Young boy at the
ф Provide ample time for children to inspect any objects presented for
exploration. This may be time spent in addition to circle time, either before or
after, describing the salient features of the object as the student manually explores it.
ф Before students participate in circle time, provide orientation to instructional
materials that are regularly used, such as calendars, name charts, counting objects, and pointers. Children also benefit from opportunities to practice with the materials so that when it is their turn to put the new number on the calendar, for example, they have a greater level of comfort and familiarity.
ф Provide opportunities to practice the movements that accompany the songs that
are regularly sung, explaining, when necessary, why they accompany the words in the song. For instance, when singing “I’m a Little Teapot,” one hand is held up like a teapot spout, while the other is hand is placed on the hip, as if forming a handle. A real teapot should be shown to the child as a model during description and practice.
ф Encourage youngsters with visual impairments to listen for the voice of their
teacher or the person who is speaking during activities. Teach them to turn their bodies so that they face the speaker while seated. This will take practice until it becomes natural.
ф Teach children how to raise their hands in response to and when asking questions
during circle-time instruction. This, too, will take practice.
Strategies for Classroom Teachers
- Choose a circle-time seating arrangement that places the student with visual impairment in close proximity to instructional materials and actions. In this
way the child will experience the activity more fully, and teacher support will be nearby when necessary.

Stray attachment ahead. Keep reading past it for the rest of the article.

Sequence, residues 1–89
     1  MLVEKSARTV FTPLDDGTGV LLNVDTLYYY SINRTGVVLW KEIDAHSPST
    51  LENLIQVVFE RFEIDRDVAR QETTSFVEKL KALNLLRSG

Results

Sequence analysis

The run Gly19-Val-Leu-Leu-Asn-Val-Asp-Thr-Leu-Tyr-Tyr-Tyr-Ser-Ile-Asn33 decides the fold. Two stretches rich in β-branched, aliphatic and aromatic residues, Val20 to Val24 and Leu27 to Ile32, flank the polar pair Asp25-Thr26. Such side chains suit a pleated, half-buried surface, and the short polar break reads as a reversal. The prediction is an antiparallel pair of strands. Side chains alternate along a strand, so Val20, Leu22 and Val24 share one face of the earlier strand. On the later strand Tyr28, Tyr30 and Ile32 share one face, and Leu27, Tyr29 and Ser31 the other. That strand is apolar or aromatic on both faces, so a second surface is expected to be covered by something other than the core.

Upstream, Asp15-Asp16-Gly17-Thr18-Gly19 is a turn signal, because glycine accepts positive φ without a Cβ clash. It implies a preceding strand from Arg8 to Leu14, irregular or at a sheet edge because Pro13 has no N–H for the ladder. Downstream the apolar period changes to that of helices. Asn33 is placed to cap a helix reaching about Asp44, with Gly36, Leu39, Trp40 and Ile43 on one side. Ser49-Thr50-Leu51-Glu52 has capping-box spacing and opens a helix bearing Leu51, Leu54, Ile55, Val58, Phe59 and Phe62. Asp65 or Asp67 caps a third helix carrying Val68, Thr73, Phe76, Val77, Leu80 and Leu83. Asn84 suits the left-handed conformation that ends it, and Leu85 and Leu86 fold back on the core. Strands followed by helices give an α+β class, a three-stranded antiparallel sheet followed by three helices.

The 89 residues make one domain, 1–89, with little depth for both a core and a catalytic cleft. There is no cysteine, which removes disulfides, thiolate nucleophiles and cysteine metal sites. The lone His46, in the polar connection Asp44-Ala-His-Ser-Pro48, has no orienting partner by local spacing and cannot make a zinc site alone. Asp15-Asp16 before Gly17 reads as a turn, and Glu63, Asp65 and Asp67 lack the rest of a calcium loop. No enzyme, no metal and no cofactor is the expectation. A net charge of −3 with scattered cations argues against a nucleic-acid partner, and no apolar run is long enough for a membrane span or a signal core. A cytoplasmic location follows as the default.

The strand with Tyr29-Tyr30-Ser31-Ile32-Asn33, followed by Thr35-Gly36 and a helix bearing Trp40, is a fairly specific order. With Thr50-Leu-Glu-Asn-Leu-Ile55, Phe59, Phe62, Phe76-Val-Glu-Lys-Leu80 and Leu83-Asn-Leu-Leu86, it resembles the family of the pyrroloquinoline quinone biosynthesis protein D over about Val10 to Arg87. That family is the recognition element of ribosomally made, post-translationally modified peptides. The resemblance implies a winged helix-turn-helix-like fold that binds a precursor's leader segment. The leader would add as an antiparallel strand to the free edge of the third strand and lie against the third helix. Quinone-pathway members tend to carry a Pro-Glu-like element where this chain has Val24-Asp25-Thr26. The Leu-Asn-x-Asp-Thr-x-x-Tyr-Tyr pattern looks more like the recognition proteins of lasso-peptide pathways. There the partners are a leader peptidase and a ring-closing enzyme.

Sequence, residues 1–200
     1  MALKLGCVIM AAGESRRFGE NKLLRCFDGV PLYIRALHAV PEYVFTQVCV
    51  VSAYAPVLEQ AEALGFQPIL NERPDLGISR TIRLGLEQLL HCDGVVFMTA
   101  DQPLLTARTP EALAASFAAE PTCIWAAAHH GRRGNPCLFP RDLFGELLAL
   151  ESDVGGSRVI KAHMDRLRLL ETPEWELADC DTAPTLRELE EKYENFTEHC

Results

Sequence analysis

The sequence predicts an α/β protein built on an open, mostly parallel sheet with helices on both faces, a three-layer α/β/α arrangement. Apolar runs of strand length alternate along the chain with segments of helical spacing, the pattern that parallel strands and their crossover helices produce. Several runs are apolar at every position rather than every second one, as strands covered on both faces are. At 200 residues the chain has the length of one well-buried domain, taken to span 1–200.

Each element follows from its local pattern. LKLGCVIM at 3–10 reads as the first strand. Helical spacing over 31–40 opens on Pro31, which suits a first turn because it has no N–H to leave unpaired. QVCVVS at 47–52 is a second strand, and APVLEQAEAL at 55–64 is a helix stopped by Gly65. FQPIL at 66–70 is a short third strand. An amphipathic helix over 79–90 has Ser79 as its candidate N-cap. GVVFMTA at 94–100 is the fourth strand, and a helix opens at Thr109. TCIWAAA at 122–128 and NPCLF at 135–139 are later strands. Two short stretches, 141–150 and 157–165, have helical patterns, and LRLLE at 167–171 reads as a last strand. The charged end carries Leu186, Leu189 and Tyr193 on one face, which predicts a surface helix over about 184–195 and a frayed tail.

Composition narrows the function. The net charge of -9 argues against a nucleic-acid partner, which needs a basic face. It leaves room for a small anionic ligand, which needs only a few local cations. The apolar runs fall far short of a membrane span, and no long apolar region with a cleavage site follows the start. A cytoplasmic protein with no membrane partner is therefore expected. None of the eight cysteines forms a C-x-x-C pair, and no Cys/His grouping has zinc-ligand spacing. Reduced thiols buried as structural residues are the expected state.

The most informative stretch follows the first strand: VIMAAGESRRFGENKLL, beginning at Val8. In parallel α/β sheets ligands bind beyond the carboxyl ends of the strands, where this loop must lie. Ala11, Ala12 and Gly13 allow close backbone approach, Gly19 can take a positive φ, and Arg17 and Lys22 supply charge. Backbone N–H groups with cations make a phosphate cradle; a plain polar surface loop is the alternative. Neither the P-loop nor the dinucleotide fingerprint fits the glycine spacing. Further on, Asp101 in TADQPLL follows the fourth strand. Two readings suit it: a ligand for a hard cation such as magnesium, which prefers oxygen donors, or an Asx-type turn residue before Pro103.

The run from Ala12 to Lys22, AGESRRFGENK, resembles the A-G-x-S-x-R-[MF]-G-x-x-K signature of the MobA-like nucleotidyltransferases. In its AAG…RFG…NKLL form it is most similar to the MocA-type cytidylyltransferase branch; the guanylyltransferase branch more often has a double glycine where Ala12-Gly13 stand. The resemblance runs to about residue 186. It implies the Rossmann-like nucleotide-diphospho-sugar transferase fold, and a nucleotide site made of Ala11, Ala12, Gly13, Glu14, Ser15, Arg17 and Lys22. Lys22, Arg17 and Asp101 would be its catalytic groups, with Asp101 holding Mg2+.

- Use the names of children consistently so that the student with visual
impairment will know who is called on or involved in an activity.
- Use precise positional terminology during instruction. For example, when
directing students to point to or place an object, use specific language, for example, “Put the counting bear in the ones cup on the right."
- Encourage the child with visual impairment to participate during circle-time activities by calling on him or her regularly, with the expectation that the
child can participate fully. In the beginning it will support the child if he or she knows in advance that he or she will be asked to tell the name of the day,
for example. Prepare the child for what to expect.
- When presenting new ideas and concepts, link them to the child’s prior
experiences and knowledge.
The sound environment in preschool and kindergarten is rich and complex.
Listening skill development will improve awareness and understanding of the environment, increasing security and encouraging curiosity. By providing careful
support and deliberate instruction in listening skill development, children with visual impairments will thrive and enjoy their early school experiences.
in 'Learning to
Listen/Listening to Learn: Teaching Listening Skills to
Students with Visual Impairments' by Lizbeth A. Barclay
| Apr 13, 2015
Maria José Alegre